Sometimes a story comes around that is so inspiring that it makes you question just what you’re actually capable of accomplishing in your own life. This is one of those stories…
In 1984, Augusto and Michaela Odone took their six year old son to a doctor because he was stumbling, becoming bad-tempered and not feeling well. After a few tests doctors diagnosed their son, Lorenzo, with a rare disease called adrenoleukodystrophy.
There was no treatment for the disease. Doctors said little Lorenzo would continue losing his balance, go blind and deaf until eventually dying of aspiration. He wasn’t expected to live longer than two years after diagnosis.
Augusto and Michaela consulted several doctors and specialists about the disease, but everyone said the same thing: there’s no known cure or treatment; it’s hopeless.
But Augusto was a fighter and refused to accept such a terrible situation without expending every ounce of energy he had to overcome it.
If no cure existed, he would just discover one on his own.
Unfortunately, he faced some huge obstacles.
- Augusto only had a high school level understanding in science and medicine.
- He had to learn everything about the disease from scratch. That includes things like how degradative enzymes cross membranes and how long-chain fatty acids accumulate.
- After learning about it, he had to discover a cure.
- And do it all in less than two years so he can give it to Lorenzo.
When they told doctors and researchers about the plan, they heard the same thing:
“It’s impossible. It can’t be done.”
Turning Impossible into Reality
By day, Augusto worked as an economist at the World Bank. At night, he scoured research papers and medical journals from the National Institute of Health. He worked dauntlessly and put all his effort into figuring the disease out.
He finally got an insight from an unlikely source: the oils he used to make spaghetti carbonara. He reasoned that the oils might soak up the deadly acids before it hurt Lorenzo’s nervous system.
Medical researchers thought he was crazy. After all, it’s absolutely unheard of for complete amateurs in medicine to develop a cure to a complex neurological disease that professionals had been studying for decades.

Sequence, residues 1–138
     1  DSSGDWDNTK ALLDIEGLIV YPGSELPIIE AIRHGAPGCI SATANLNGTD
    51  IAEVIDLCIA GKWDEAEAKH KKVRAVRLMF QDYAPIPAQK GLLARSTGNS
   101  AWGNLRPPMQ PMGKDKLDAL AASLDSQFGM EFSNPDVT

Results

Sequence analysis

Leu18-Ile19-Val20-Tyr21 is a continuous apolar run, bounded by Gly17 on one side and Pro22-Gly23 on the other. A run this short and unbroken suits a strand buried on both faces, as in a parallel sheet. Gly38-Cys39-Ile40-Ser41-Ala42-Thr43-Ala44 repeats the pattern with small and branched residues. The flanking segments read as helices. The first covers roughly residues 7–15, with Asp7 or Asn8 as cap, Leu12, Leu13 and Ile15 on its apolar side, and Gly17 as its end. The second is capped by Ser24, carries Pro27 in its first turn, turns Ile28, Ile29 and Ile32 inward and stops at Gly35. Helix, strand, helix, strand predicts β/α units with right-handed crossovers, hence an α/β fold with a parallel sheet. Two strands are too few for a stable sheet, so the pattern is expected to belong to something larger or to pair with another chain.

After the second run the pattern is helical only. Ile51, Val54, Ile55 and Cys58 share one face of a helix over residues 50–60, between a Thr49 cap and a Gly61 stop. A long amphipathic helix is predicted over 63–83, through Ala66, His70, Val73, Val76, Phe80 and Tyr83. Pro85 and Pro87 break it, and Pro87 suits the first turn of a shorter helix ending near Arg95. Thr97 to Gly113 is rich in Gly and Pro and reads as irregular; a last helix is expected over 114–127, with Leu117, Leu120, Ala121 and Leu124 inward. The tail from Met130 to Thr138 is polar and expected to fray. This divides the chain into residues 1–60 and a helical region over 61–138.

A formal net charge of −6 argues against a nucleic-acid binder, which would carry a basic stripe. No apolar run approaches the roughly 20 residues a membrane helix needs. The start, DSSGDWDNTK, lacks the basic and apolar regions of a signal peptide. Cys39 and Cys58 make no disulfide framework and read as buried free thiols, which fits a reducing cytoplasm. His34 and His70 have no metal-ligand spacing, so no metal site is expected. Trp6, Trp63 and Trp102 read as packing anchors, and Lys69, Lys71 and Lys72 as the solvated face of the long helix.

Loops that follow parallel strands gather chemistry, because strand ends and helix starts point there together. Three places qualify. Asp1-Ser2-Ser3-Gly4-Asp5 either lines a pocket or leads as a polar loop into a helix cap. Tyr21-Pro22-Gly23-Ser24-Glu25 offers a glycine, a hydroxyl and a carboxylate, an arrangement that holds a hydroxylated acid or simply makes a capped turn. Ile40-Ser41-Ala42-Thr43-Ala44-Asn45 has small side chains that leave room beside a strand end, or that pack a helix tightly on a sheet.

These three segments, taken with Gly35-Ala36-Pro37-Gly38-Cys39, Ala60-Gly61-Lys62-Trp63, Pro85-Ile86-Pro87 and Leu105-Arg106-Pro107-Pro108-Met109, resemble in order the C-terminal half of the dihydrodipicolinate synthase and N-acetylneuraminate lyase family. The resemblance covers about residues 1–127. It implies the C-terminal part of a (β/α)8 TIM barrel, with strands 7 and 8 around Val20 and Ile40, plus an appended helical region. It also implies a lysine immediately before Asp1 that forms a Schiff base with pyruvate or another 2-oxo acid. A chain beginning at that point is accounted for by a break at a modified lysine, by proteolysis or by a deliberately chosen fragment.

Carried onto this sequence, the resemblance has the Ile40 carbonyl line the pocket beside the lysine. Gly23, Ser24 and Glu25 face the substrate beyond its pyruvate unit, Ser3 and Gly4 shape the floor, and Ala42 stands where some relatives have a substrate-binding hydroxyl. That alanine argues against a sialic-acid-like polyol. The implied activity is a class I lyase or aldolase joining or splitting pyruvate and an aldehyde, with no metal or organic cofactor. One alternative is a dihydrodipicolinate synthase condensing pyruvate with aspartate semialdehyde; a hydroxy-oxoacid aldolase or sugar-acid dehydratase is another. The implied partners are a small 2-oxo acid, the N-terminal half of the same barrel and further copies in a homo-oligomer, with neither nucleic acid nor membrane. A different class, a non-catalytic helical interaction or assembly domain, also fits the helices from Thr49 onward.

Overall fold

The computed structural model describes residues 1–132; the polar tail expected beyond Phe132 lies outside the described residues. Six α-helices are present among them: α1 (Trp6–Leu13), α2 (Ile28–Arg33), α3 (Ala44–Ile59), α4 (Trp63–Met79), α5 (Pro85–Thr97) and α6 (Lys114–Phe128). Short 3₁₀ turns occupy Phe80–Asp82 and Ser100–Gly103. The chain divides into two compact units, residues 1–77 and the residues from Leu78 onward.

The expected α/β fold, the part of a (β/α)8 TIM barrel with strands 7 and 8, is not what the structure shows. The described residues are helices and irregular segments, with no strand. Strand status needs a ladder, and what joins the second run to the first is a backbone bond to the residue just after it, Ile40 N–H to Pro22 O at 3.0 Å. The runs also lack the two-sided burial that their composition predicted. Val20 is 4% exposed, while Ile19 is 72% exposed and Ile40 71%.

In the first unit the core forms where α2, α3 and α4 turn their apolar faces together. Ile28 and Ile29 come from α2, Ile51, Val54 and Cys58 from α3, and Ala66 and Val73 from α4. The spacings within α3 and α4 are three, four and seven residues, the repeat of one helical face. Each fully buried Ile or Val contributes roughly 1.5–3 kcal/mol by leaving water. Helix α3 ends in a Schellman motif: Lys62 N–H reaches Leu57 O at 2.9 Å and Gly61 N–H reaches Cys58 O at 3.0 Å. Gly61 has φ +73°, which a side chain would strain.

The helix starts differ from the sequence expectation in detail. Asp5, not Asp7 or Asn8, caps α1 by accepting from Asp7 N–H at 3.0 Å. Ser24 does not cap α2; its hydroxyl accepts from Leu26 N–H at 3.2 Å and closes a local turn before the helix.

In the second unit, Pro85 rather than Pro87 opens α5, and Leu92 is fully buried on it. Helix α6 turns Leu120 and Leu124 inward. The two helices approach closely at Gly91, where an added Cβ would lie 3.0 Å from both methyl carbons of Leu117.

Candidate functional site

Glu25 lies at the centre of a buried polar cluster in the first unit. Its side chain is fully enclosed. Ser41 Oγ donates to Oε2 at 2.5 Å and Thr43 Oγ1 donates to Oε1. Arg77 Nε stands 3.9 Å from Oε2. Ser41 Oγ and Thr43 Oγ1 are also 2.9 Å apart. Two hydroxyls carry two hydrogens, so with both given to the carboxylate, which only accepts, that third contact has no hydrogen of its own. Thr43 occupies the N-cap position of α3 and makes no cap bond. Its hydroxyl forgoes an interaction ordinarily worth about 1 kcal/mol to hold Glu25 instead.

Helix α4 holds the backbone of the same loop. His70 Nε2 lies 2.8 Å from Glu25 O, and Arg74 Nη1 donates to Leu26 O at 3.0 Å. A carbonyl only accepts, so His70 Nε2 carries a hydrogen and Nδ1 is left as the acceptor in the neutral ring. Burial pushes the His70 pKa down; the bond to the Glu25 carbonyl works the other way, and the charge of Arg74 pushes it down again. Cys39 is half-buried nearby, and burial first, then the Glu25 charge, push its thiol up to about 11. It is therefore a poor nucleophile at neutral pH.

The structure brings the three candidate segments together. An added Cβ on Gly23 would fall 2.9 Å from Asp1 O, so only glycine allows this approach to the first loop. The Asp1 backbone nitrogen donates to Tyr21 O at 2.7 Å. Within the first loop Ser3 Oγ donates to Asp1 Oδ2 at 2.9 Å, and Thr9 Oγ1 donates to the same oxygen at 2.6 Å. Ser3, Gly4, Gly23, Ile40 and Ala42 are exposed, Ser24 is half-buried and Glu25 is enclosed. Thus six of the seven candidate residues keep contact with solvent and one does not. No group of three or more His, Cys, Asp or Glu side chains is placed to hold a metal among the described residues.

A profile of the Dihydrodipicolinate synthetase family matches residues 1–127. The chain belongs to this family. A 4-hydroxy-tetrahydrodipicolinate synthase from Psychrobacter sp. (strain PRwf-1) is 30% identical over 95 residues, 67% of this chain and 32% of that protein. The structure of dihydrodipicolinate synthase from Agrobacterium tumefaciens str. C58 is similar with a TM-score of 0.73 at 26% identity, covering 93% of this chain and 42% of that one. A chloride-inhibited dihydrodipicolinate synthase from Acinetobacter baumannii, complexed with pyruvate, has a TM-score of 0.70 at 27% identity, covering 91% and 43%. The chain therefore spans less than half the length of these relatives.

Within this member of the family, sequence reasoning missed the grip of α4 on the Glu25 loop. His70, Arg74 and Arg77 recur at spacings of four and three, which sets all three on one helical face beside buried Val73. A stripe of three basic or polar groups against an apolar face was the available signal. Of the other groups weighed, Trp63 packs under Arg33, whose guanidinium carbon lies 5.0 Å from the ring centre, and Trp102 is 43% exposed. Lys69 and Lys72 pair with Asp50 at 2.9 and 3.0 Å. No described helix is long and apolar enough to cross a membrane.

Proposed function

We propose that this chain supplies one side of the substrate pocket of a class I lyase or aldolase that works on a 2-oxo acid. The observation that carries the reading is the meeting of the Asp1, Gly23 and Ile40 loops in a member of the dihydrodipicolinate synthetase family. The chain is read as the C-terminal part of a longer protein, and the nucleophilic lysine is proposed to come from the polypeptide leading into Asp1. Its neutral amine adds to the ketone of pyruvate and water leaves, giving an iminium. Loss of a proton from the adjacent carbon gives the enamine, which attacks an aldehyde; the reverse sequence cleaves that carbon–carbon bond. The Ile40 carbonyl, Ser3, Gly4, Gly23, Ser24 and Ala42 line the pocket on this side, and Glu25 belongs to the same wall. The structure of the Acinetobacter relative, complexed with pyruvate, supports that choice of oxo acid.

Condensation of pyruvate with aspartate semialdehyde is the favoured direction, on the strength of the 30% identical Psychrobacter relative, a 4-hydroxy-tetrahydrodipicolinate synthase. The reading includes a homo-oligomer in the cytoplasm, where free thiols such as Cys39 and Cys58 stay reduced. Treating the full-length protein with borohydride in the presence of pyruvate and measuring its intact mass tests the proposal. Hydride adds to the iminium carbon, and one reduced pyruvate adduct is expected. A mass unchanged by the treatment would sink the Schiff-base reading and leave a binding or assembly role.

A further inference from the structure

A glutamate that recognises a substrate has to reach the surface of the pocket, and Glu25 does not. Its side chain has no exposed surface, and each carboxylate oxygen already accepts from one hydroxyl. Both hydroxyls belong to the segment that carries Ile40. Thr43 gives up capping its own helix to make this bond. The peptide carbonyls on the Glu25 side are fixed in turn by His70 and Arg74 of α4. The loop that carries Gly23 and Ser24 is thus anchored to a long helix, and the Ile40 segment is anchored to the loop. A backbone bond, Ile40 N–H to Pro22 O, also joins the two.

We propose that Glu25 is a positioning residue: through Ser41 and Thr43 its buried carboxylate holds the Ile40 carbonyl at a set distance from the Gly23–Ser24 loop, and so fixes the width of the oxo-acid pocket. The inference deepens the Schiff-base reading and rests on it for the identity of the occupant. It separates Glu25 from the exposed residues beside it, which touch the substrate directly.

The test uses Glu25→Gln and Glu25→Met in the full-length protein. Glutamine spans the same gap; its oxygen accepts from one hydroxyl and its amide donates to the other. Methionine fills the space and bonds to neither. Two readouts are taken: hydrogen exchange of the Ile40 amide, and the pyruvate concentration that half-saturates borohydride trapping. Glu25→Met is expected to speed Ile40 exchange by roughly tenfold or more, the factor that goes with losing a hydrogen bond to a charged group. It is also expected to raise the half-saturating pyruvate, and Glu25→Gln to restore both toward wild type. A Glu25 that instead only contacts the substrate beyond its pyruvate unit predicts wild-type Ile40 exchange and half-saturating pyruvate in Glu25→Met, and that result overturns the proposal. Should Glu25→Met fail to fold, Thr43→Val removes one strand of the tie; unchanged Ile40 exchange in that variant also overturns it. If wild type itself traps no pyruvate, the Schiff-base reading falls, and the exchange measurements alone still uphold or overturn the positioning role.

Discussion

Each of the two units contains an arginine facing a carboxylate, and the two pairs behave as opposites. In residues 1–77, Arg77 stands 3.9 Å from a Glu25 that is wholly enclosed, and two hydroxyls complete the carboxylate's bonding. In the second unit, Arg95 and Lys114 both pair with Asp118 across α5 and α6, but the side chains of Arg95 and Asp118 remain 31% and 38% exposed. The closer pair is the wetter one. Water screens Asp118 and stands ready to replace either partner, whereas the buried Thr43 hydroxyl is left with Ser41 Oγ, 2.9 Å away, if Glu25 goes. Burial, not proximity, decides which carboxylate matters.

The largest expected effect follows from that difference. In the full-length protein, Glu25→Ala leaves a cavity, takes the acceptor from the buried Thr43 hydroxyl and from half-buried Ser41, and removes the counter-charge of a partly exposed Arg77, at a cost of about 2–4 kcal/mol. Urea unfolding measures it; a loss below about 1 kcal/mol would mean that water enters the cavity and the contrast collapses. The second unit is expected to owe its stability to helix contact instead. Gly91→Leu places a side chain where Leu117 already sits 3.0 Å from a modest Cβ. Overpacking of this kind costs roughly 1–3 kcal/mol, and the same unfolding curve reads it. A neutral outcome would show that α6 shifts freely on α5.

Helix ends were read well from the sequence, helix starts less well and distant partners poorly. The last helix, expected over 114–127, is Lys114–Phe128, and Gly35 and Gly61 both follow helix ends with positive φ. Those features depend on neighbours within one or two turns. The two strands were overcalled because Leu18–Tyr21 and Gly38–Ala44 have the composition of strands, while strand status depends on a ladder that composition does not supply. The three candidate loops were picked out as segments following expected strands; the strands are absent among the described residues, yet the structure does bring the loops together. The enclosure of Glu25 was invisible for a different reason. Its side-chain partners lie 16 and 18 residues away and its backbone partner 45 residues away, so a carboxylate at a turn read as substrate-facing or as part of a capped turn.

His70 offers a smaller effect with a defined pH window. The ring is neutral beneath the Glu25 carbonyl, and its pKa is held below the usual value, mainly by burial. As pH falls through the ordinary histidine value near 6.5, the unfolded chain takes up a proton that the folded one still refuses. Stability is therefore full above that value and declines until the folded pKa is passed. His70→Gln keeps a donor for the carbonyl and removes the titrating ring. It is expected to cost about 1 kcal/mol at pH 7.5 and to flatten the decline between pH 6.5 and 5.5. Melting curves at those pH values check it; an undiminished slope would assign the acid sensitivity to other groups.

But when they tested the oil on Lorenzo, it made a huge impact on his condition. While it didn’t cure him completely, it did halt the progress enough for Lorenzo to live an additional twenty years when he died from an accident – not the disease.
It took until 2005 for doctors to publish a study to finally prove the treatment actually works – which is now known as Lorenzo’s Oil (which is also the name of a movie about their accomplishment.). In that time, Augusto and Michaela had given it to hundreds of other people and saved lives all over the world.
The Big Lessons In This Story
It all sounds so impossible, doesn’t it?
Someone with only a high school understanding of science studying enough about a rare disease to find a treatment for it? And in less than two years?
We know it’s not impossible though. It happened.
I have to admit that if I had heard about Augusto and Michaela’s plan to find a cure to a disease with little to no knowledge about medicine, I would have assumed it was impossible too. It’s just so far outside of the norm that it’s too easy to dismiss it away.
But it should all give us pause to think about what we consider “impossible” in our own lives.
It seems so easy to define what’s possible and what isn’t. We tend to use our perceptions of things we’ve seen before to help guide us in what can actually be done.
But defining what’s impossible is not as clear as we’d like to think. Perceptions are largely based upon experience. That leaves a big gap of knowledge about experiences that haven’t been tested yet.
The Odones went into that unknown area of experience where no one had gone before. Because it had never been done before, people were ready to dismiss it away as “impossible”. But it’s important to test our perceptions and assumptions – many times they’re wrong.
If Augusto and Michaela had simply accepted their situation, Lorenzo would have died much earlier in his life. The only reason they found this cure was due to Augusto’s determination and willingness to fight.
Make no mistake about it. What Augusto and Michaela did was a long-shot – a huge long-shot. But that’s the strange and beautiful thing about life, sometimes the long-shots pay off.
photo credit: Hartwig HKD